Implement optional financial literacy module

Susan Cardone

College is supposed to prepare you for adult life. Unfortunately, many students are not taught how to manage their finances before they graduate –– and they should be. 

UT should offer students an optional financial literacy module to provide education about general financial topics, such as budgeting, taxes, financial aid and more, to give students confidence in the skills necessary for managing money and conducting their own finances.

Currently at UT, there are a few programs that include information about finances. Bevonomics and the Texas One Stop website have links to PowerPoints and external financial resources.

Traci Armes, deputy director of the Office of Scholarships and Financial Aid, said the office is currently working on putting all of its finance-related PowerPoints in a single place on the financial wellness website so students can more easily access them.

While these resources are a good start, they lack structure and interaction. By creating a financial literacy module that condenses the most important information about finances in one central format, the University could enable students to both access the content they need and actively learn about it.

This module would educate students through a set format where students could learn and interact with content as they go. Additionally, students would choose whether or not they want to take the module, which would always be available on the UT website for students who prefer to complete the course in the future. Other colleges have successfully implemented such programs.

Armes said that the office also has a Financial Wellness team that offers individual counseling. This program is a great way to offer individualized help for students in emergency situations or with personal financial problems. 

“You can be educated on things, but if you don’t have the tools to actually do something with that education, it stops there,” Armes said. “So we’re trying to educate and then have the tools to where students, if they need additional assistance, can actually reach out to someone to focus on their own specific situation.”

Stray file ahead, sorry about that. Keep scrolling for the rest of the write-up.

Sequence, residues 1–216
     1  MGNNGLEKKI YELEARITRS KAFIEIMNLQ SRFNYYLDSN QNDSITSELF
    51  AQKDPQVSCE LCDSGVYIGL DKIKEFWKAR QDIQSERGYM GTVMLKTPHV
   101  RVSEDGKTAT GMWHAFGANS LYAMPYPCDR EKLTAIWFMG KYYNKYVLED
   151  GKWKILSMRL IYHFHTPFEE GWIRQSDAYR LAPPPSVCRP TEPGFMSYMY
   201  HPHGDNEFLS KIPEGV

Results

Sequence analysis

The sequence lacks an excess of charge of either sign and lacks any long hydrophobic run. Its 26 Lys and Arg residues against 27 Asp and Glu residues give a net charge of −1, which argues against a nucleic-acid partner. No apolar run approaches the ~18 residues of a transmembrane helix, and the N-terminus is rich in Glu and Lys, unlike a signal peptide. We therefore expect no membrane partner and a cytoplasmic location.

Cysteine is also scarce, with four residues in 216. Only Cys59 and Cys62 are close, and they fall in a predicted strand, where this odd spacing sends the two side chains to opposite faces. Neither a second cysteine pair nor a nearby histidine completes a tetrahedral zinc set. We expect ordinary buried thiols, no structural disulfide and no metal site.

However, I argue that UT needs to first teach students about financial topics so that they can feel confident managing and conducting necessary financial tasks on their own. Then, if they still need more individualized assistance, programs like Texas Financial Wellness can help.

Cecilia Jubera, a junior in the professional accounting program, notes that having an optional financial literacy module would help college students who are in financial situations they have never been in before.

“I feel like there’s just so much information that people don’t have to think about before they come into college that suddenly hits you like a train,” Jubera said. 

Jubera also said that some of her classes in McCombs touch on personal financial management. 

“When I file my taxes, I’m going to look at these terms and understand what they mean a little bit more,” Jubera said. “I think it would be beneficial for that information and those lessons (from McCombs classes) to be more universally accessible for students.” 

Many students don’t have the privilege of being financially literate for a variety of reasons, one of which being the lack of available programs to help them.

UT needs to offer an optional financial literacy module to teach students about basic, necessary money topics. That way, students can face their current and future financial situations with confidence and knowledge.

Our college education is supposed to teach us what we need to know to be successful in our futures. That should include our financial endeavors, too.

Cardone is a government and social work sophomore from San Antonio, Texas.